Every year, an estimated 1,800 Australian women are diagnosed with ovarian cancer.
The vast majority of these are at an advanced stage, as there is currently no early detection test, and symptoms are frequently misdiagnosed or not reported. The only way to definitively diagnose ovarian cancer is by taking a tissue sample during surgery.
Raising awareness won’t save lives. In order to save the lives of Australian women, we need to first fund the innovative research that will find an early detection test, and then focus on widespread adoption.
Currently, only 29% of women diagnosed with advanced-stage ovarian cancer will survive beyond five years. But with an early detection test, that would skyrocket to over 90%.
Stages of ovarian cancer
Ovarian cancer can be classified into four stages, depending on the extent of spread of the disease. Staging requires an operation to obtain tissue samples, which are then examined under a microscope.
Cancer is limited to the ovaries only.
One or both ovaries are affected, as well as other pelvic tissues.
One or both ovaries are affected. The cancer is also in the abdominal cavity outside of the pelvis, or there is cancer in pelvic lymph nodes, around the aorta, or in the groin.
One or both ovaries are affected, with spread to distant organs such as the liver or lung.
Early detection research will save lives
"Women will have a better survival rate and outcome when they are diagnosed at an early stage of the disease. The ultimate goal of my research is working towards an early detection test for ovarian cancer which is something that everyone women deserves."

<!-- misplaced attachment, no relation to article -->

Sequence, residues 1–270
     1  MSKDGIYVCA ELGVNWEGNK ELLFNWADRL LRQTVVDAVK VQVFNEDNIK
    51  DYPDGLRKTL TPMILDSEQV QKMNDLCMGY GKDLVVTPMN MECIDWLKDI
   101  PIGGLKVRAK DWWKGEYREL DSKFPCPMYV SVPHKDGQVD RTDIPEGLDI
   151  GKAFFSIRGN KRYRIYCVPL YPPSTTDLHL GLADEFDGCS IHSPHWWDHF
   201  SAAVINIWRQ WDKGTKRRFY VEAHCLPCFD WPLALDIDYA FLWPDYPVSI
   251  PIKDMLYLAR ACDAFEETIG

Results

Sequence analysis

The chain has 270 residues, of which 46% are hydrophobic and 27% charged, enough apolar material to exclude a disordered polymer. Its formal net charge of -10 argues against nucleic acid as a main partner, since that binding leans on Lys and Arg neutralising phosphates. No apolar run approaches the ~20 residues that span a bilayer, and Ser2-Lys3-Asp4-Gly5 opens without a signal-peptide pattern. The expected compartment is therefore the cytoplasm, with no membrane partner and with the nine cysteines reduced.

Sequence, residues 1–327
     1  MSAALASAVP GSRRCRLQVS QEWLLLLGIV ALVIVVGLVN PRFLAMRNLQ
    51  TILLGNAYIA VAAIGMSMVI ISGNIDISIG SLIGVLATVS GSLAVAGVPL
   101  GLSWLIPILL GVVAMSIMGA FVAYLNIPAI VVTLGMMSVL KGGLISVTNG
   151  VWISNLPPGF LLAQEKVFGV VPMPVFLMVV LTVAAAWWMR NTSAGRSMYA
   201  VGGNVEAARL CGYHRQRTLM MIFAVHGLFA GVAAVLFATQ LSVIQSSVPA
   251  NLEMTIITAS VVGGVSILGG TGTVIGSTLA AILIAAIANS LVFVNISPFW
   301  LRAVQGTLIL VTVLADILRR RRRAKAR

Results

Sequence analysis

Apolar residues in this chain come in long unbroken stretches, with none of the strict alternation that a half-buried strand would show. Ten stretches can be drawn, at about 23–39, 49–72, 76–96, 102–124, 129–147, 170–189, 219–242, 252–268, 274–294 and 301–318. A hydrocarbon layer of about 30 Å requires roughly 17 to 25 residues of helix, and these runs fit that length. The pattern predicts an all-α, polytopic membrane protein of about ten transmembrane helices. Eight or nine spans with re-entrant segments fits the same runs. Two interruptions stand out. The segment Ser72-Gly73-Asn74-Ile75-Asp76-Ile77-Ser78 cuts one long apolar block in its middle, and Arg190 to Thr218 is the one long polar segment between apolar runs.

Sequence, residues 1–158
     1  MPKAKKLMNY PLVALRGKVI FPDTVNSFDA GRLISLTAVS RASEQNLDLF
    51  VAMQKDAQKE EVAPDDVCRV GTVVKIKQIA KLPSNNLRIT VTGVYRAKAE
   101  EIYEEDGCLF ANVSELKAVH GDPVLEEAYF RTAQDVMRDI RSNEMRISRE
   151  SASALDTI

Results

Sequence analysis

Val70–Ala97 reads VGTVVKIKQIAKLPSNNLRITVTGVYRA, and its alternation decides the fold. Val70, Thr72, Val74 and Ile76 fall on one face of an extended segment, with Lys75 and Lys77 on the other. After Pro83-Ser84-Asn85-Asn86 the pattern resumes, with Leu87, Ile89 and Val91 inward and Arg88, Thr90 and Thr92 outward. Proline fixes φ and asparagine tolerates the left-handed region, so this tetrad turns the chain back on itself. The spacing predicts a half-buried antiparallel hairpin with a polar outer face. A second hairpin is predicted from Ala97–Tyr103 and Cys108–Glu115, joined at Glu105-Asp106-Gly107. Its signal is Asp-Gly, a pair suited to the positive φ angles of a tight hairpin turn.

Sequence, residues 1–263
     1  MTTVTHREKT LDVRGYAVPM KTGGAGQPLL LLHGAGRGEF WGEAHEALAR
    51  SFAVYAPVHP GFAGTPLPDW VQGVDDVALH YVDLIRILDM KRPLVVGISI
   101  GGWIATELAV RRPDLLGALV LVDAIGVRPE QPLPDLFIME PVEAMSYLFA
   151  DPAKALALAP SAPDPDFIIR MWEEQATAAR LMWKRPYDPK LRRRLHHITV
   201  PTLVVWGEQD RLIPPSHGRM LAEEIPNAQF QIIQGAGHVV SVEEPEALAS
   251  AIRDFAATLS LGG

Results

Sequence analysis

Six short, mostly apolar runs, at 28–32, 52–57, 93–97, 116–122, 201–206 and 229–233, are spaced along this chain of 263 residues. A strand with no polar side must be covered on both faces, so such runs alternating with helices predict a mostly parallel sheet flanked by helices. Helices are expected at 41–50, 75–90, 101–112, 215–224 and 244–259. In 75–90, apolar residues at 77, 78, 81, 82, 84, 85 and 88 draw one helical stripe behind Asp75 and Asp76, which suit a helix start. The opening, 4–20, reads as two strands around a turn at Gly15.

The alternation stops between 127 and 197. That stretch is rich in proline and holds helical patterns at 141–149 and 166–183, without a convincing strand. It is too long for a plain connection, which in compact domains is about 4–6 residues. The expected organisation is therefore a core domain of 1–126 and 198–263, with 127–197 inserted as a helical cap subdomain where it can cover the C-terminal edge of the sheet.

- Dr Noor Lokman, ovarian cancer researcher
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Current diagnosis methods
There is no screening or early detection test available for ovarian cancer. Ovarian cancer is usually detected by a combination of several tests and examinations, including those listed below. The final diagnosis always requires the pathological analysis of a tissue sample.
A general check up, including an internal pelvic examination.
A full blood count may be done, as well as a measure of the blood protein CA 125, which is often raised in women with ovarian cancer. CA125 is a protein found in the blood and can be produced by ovarian cancer cells. However, there are other causes for raised CA125 levels such as menstruation, endometriosis or ovarian cysts.
Half of all women with early stage ovarian cancer do not have elevated CA125 levels. The CA125 test is more reliable in postmenopausal women. It is for these reasons CA125 is not recommended as a screening test for women with no symptoms. (Source: Cancer Council)
Other special ‘tumour markers’ may be tested for, but some tumours will not have elevations of these markers and the type of marker depends on the type of tumour.
Ovarian cancer is usually identified by ultrasound or computed tomography (CT) of the abdomen and pelvis, and the CT scene can see if the cancer has spread throughout the body. It should be noted that this is not a definitive diagnosis, and will still require tissue sample collection.
A tissue biopsy is required to diagnose ovarian cancer. This is either done image guided (by ultrasound or CT) or by surgery. The sample is sent to a pathology laboratory where it is analysed under the microscope.
Current treatment methods
A gynaecological oncologist—a gynaecologist specialised in treating cancers affecting the female reproductive organs—will discuss the best treatment options with patients on a case-by-case basis.
However, the most common treatment methods include either surgery, chemotherapy, or radiotherapy, or a combination of these methods.
What is ovarian cancer? Signs & Symptoms